When pressed, he refused to reveal the extent of the row in Cabinet over the issue.
“I think we just have to say that there was a robust exchange of views among Cabinet members,” is as revealing as he gets on that subject, but he is more willing to talk about his involvement with the regulations themselves.
They came into force on April 30th, and protect gay, lesbian and bisexual people from discrimination when accessing goods, services and facilities.
“I was the Secretary of State at Trade and Industry when we had come up against the problem where we were introducing this equality legislation on sexual orientation and religious discrimination.
“I found a way to take an order-making power to resolve that situation to everyone’s satisfaction and then I was there just before I switched to Education in time to publish the consultation document.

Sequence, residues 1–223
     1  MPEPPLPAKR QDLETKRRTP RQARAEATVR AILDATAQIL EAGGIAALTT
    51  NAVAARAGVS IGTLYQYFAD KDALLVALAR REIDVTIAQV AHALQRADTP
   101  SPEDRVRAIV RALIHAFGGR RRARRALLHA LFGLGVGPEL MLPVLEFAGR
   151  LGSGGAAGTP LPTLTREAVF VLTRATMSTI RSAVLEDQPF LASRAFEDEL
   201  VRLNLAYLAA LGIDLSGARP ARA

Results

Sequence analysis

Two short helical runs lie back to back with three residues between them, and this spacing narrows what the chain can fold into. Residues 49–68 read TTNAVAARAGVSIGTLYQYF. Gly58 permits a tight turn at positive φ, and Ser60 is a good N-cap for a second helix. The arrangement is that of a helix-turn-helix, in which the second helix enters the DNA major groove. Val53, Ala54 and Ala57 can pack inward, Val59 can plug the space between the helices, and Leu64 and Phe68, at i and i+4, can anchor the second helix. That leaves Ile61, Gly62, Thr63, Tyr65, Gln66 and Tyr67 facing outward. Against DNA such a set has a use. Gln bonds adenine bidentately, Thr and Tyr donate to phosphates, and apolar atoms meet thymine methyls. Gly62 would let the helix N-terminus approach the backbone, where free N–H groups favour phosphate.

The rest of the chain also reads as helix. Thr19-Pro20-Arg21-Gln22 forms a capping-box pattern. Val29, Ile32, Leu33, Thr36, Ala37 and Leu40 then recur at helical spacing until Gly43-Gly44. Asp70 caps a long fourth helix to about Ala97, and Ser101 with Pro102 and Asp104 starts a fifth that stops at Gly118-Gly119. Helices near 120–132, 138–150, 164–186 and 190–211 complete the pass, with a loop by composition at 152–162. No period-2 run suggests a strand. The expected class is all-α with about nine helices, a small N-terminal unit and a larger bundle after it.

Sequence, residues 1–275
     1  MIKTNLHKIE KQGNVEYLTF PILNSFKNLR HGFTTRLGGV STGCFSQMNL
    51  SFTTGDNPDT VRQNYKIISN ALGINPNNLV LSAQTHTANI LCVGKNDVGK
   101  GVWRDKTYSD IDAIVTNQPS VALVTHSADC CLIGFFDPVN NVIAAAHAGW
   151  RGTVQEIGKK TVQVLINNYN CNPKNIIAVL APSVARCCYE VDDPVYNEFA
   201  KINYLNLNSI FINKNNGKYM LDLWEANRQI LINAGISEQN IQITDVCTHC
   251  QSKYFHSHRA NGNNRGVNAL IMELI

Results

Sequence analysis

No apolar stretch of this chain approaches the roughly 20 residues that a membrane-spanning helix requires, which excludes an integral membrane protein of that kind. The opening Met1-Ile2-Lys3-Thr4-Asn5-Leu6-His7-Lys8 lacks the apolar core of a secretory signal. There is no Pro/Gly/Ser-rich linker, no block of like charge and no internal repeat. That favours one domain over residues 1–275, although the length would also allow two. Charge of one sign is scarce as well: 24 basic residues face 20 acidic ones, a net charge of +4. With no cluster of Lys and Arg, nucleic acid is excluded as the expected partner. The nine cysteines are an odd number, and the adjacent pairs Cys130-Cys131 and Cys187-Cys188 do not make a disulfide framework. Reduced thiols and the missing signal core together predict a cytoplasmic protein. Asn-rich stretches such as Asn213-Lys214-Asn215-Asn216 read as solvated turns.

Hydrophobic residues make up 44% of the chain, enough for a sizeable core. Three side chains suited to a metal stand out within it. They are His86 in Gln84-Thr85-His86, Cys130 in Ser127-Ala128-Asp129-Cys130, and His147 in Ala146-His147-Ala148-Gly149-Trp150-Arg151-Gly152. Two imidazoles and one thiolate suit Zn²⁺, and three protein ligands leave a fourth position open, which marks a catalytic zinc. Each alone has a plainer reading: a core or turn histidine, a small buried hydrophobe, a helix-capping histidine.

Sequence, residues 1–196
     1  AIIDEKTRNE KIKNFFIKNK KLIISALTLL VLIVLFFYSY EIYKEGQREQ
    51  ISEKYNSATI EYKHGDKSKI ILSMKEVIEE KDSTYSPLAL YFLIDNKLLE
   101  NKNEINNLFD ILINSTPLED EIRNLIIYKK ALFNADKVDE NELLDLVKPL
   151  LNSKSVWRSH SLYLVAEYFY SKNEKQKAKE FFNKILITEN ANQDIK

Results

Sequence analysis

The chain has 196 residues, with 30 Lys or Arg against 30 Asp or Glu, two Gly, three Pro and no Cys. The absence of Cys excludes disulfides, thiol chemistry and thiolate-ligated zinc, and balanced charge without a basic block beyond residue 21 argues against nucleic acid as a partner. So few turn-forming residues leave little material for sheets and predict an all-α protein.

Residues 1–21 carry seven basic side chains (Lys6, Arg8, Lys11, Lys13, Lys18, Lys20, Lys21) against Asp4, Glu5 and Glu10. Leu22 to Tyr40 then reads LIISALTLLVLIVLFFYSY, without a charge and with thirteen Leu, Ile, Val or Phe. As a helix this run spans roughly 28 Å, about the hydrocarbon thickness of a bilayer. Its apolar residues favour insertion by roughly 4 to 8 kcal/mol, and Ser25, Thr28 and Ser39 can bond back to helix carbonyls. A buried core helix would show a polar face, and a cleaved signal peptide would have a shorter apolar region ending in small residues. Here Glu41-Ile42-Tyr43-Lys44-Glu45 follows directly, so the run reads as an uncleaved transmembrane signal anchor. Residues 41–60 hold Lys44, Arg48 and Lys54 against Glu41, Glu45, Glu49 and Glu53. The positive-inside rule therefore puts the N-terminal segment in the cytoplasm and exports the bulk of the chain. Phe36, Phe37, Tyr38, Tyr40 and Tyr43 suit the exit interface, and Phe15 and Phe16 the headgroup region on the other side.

“In that consultation we had already been lobbied, and listened very carefully, to the arguments put forward, we had already decided that there should be no exemption for Catholic adoption agencies.
“By some perverse political fate I end up then coming here where I am now responsible for adoption agencies at the time when this is all coming to a head.
“The argument was put to me, and there was an argument, about exemption.
“There was an argument among government about exemption – why not?
“Surely for the benefit of children, etc.
“My instinctive reaction was that we are outlawing discrimination on the grounds of sexual orientation.
“How can we allow that discrimination to continue in terms, in the legislation, in a sector that is funded publicly and where it would be such an anomaly that we might as well say it’s fair game for anyone to seek an exemption from this.